WASHINGTON — The most sweeping overhaul of the international tax system in a century is poised to take a significant step forward this week, with nearly 140 countries, including Ireland, expected to settle on a 15 percent global minimum tax rate.
Negotiators were on the brink of agreeing to the rate on Thursday, ahead of a Friday meeting at the Organization for Economic Cooperation and Development, which has been coordinating the global tax talks. The tax rate has been the subject of months of intense negotiations. If enacted, it could help end a decades-long race to the bottom on corporate taxation that has allowed tax havens to flourish and has drained countries of revenue.
Governments have for years been discussing such a tax overhaul; the negotiations gained momentum this year under the Biden administration, which is also pursuing changes to its domestic corporate tax rate. The framework under consideration includes a global minimum tax of 15 percent hat each country would adopt, and new rules that would force technology giants like Amazon and Facebook and other big global businesses to pay taxes in countries where their goods or services are sold, even if they have no physical presence there.
Ahead of Friday’s meeting, negotiators have been grappling over the language of a joint statement describing the tax rate, exceptions for certain kinds of companies and the implementation period, which some nations want to be drawn out for years. European holdouts such as Ireland, Hungary and Estonia have been under intense pressure in recent months to join the agreement, which will require the that approval of the 27 European Union countries.
After weeks of heated negotiations and pressure from the United States and France, Ireland, a main holdout to the deal, said it was ready to accept a 15 percent minimum tax rate after Prime Minister Michael Martin told the Irish cabinet Thursday that the rate would only apply to multinational giants like Facebook and Apple, but not to Irish companies operating in Ireland.
“I do believe, where we are now is balanced and represents a fair compromise, reflecting the interests and input of the many countries involved in the negotiation,” Pascal Donohoe, Ireland’s finance minister, said on Thursday.
At stake has been Ireland’s low official corporate tax rate of 12.5 percent and a tax system that has helped global companies based there avoid paying taxes to other countries where they make profits. This has put billions of euros into Ireland’s tax coffers and created hundreds of thousands of jobs.
Mr. Donohoe said that small domestic companies with annual revenue of less than 750 million euros would be exempt from the higher tax, or 160,000 businesses in Ireland.
People with knowledge of the negotiations said that while the 15 percent rate was essentially a done deal, some of the world’s biggest countries continued to battle for exemptions to dampen its impact on longstanding economic models that have helped draw investment and create jobs.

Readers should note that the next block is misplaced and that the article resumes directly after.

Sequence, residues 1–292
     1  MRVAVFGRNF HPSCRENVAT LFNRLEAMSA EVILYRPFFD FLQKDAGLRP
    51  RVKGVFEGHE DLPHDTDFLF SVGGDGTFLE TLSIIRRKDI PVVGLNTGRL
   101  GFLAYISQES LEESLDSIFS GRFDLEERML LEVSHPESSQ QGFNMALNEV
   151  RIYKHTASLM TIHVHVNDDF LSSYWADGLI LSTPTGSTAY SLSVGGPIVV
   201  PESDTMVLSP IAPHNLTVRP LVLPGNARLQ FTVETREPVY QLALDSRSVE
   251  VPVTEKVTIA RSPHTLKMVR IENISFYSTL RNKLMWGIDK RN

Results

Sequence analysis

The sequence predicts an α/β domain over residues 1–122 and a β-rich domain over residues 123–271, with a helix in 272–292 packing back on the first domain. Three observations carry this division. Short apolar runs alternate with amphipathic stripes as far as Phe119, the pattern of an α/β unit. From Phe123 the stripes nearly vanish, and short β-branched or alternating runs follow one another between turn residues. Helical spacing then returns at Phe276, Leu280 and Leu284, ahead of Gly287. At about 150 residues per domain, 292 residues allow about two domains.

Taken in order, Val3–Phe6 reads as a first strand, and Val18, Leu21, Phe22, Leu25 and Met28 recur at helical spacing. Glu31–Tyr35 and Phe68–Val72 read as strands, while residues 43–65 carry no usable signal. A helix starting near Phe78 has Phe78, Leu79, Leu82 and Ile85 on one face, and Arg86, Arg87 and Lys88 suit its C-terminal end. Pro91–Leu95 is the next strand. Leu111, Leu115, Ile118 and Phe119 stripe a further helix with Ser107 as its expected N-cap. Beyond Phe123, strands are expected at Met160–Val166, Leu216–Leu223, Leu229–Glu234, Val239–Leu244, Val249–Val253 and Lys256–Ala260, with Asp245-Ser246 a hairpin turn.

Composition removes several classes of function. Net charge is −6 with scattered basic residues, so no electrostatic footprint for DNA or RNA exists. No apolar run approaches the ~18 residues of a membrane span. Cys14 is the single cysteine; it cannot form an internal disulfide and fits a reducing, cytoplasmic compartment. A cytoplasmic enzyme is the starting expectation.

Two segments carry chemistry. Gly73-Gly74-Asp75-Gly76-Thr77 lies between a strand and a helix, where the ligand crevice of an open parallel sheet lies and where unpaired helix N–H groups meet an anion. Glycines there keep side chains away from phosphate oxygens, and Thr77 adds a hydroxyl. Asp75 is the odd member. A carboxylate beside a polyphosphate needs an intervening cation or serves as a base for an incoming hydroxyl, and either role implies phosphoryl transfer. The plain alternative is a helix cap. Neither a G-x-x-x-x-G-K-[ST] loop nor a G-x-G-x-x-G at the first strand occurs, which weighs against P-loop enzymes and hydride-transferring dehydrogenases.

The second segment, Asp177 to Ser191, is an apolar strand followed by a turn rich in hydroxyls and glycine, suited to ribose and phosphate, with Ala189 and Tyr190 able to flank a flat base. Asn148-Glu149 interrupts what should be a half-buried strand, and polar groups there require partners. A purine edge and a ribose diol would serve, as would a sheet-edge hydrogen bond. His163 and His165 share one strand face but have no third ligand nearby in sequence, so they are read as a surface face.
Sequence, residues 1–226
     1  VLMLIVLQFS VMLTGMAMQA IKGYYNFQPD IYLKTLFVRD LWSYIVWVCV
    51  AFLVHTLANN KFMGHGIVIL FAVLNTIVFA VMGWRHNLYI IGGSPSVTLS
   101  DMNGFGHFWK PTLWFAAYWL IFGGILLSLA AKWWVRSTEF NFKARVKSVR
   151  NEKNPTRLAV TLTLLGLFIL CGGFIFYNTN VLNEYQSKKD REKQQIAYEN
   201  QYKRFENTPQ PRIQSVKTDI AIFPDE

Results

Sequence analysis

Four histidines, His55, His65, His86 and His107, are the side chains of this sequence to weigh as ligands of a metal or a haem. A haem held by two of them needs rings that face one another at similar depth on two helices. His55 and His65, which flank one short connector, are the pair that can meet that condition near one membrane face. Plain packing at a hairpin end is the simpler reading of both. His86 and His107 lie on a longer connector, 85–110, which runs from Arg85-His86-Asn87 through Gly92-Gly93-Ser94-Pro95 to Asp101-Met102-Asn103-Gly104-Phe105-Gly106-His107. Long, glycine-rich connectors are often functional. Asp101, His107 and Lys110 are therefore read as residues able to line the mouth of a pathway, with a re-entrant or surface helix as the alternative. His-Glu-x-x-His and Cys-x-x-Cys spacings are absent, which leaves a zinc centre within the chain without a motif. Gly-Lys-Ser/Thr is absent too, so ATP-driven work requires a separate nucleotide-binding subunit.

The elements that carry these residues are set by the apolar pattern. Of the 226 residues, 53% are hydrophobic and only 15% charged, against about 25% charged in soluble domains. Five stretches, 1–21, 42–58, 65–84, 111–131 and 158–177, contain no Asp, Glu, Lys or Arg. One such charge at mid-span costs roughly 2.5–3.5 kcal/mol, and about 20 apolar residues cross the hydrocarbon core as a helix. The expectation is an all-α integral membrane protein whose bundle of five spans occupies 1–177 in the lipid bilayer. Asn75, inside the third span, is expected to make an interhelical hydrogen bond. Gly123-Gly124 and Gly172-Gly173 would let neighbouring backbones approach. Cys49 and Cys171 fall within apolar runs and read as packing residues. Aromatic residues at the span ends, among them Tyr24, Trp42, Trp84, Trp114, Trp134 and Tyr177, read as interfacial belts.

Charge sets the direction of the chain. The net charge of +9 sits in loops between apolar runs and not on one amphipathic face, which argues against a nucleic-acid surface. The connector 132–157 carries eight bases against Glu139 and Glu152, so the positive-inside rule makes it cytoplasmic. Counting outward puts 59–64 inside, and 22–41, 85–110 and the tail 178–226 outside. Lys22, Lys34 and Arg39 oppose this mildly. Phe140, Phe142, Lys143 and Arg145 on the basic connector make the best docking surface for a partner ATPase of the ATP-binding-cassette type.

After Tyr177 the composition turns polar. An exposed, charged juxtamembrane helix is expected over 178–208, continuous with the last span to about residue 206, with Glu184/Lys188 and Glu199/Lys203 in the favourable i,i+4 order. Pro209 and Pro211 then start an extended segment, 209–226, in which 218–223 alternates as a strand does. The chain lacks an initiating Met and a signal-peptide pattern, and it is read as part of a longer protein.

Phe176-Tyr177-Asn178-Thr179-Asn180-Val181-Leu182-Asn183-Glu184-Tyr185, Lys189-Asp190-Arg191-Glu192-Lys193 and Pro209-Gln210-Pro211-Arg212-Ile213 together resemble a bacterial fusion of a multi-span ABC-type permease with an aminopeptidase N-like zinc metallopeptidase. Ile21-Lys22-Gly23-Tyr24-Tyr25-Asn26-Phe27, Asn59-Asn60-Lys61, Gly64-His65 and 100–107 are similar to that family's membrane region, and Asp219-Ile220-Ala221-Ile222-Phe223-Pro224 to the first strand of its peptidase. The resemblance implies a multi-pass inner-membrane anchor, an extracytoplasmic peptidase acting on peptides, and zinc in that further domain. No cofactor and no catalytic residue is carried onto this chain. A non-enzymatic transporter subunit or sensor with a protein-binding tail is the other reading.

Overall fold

“I’m fully determined to pave the way for a consensus because we are one millimeter away from a global agreement on a new international taxation system for the 21st century,” Bruno Le Maire, France’s finance minister, said on CNBC on Wednesday. “Of course there are some member states asking for a delay, asking for an implementation period, a transition period; we are totally open to that kind of proposals.”
Despite growing support for the agreement, concerns remain about how it will be enforced and if it will be enacted uniformly worldwide.
India, China, Estonia and Poland have said the minimum tax could harm their ability to attract investment with special lures like research and development credits and special economic zones that offer tax breaks to investors. China, for instance, has long used special economic zones with low tax rates to attract foreign investment, which has been a boon for its economic development.
The United States has been one of the deal’s most vocal supporters, but it also faces challenges ensuring that the Biden administration’s commitments are enacted by Congress. Mr. Biden’s economic agenda is in limbo, and Democrats are trying to figure out how to push through changes to the tax code that would ensure the United States is in compliance with the international agreement it is trying to broker.
The Treasury Department declined to comment on the details of the agreement, noting that the negotiations are still ongoing, but expressed optimism that a deal would be finalized when the leaders of the Group of 20 nations meet in Rome later this month.
Treasury Secretary Janet L. Yellen is “laser-focused on the progress being made to finalize what would be a historic deal, and expects countries to coalesce around the final parameters of a new international tax regime,” said Alexandra LaManna, a Treasury spokeswoman. She added that the deal would help create more jobs and investment in the United States and benefit workers.
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